Some weeks ago I experienced that sinking feeling that comes with locking your keys in the car. Fortunately, I was only a phone call and a 20-minute wait away from rescue. But how can that happen, you ask, given all the modern safeguards built into automotive key technology? Don’t cars these days alert you or automatically unlock the doors when you leave the key inside?
They do if the key is within range. I learned the hard way, though, that being buried in a briefcase at the tail end of a large SUV didn’t quite qualify as “in range”!
Encryption Keys 101
So what do automotive keys have to do with digital encryption keys? More than you might think. Both serve as the last barrier to unauthorized access, and both can be hacked or circumvented. Many of today’s automotive keys are, in fact, more digital than physical, and utilize rolling encryption codes in their transponders, allowing also for proximity-based push-button start. Such encryption—the conversion of plain text or data into an unintelligible form— is enabled by an algorithm that requires one or more keys (think passwords) to lock and unlock the data. Encryption keys typically take one of two forms: symmetric, which uses the same key to lock and unlock data and is known as Secret Key Cryptography; and asymmetric, which uses a pair of associated keys, also known as Public Key Cryptography.
Encryption is Only as Secure as Its Key
Data encryption is often recommended as the silver bullet for protection of sensitive information, such as PHI or PII. Indeed, the Payment Card Industry Data Security Standards (PCI-DSS) requires encryption of Social Security numbers, except for the last four digits, and encryption is generally a safe harbor under the breach notification statutes of the various states. But encryption is only a safeguard if the encryption key remains protected. Notably, under at least 12 states’ breach notification statutes, encryption of PII is not a safe harbor if the encryption keys were compromised in the breach. Because encryption is a complex mathematical topic that is Greek to most laypersons, the methods by which keys are used to encrypt and decrypt data are seldom discussed outside of IT, and the absolute necessity of protecting those keys is often overlooked.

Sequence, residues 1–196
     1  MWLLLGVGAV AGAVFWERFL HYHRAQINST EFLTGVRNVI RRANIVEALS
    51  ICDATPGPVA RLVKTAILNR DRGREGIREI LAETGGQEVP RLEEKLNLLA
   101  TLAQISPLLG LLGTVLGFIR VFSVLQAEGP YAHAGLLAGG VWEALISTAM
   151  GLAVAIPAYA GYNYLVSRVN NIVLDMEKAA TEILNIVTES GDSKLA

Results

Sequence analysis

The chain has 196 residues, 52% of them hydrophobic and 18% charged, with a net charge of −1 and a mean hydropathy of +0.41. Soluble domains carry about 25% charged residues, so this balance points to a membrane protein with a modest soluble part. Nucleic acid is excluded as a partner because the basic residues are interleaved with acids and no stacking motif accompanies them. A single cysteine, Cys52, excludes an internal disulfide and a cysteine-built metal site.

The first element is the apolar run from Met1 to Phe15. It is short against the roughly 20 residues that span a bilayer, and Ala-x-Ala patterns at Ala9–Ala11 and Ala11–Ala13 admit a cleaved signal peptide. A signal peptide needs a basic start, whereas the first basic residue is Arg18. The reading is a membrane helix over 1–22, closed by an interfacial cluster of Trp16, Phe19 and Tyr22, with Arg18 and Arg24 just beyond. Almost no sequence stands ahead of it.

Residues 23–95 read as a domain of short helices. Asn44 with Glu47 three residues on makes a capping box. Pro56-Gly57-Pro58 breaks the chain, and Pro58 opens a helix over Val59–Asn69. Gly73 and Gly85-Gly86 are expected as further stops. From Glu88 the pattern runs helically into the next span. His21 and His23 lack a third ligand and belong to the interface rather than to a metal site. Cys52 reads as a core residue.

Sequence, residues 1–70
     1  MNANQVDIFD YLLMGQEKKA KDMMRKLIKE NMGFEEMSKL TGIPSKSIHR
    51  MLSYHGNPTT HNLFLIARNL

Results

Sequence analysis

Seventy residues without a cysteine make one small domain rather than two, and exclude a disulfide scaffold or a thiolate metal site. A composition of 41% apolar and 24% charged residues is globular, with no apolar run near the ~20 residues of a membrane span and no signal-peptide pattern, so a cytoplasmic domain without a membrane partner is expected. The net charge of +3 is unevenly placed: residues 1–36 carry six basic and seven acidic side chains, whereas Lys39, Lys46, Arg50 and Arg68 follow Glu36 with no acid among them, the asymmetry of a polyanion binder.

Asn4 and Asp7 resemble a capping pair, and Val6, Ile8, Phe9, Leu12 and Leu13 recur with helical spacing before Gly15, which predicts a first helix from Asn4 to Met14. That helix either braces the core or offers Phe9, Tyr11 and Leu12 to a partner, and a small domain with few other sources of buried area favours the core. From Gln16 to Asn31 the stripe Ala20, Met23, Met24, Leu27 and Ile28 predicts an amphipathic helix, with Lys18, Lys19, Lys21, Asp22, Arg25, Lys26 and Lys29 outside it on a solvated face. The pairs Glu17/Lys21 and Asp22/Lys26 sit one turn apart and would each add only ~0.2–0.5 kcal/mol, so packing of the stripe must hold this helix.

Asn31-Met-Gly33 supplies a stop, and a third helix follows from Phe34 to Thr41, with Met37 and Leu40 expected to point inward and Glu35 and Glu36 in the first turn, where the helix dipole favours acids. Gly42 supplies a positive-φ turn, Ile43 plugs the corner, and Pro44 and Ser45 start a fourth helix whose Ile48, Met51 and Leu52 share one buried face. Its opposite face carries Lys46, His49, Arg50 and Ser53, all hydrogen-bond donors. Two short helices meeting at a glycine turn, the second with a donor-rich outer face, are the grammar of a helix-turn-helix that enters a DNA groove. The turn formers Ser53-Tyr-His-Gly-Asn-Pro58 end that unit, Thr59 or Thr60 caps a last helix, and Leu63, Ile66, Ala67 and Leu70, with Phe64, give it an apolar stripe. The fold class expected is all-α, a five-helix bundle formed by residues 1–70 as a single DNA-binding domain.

Leaving encryption keys unprotected invites theft in the same way as leaving your car key in the car. Who has access to the keys to your encrypted data? Where are the keys stored? Are there copies? How often are they changed or updated? Detailed technical guidance may be found in The National Institute of Standards and Technology’s “Recommendation for Key Management—Part 1: General (Revision 3),” NIST Special Publication 800-57. Recommendations include “key wrapping,” or encrypting keys for transmission, and periodically decrypting data and re-encrypting it with a new key.
Protection concepts found in the NIST publication mirror those found in more general records and information management guidance, as well as the CIA Triad model for security policy: Confidentiality, Integrity, and Availability. NIST states that encryption keys need to be Available as long as the data is protected; keys must be protected from modification to ensure their Integrity; and the Confidentiality of keys must be ensured through physical protection or by ensuring that it is “no easier to recover the key-encrypting key than it is to recover the key being encrypted.” Further, Accountability “involves the identification of those entities that have access to, or control of, cryptographic keys throughout their lifecycles.”
So, just as we try never to leave our keys in the car, we should take special care to protect our data encryption keys. That starts with knowing where they are stored, by whom, and with what controls. Documenting this information should be part of your annual security risk assessment, if it isn’t already.